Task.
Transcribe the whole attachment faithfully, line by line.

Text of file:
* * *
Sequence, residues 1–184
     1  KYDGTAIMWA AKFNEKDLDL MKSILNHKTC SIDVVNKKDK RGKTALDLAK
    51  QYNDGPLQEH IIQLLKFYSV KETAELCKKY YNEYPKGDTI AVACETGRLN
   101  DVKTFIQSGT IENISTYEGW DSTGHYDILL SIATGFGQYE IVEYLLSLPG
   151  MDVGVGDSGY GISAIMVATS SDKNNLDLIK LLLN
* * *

Sequence, residues 1–184
     1  KYDGTAIMWA AKFNEKDLDL MKSILNHKTC SIDVVNKKDK RGKTALDLAK
    51  QYNDGPLQEH IIQLLKFYSV KETAELCKKY YNEYPKGDTI AVACETGRLN
   101  DVKTFIQSGT IENISTYEGW DSTGHYDILL SIATGFGQYE IVEYLLSLPG
   151  MDVGVGDSGY GISAIMVATS SDKNNLDLIK LLLN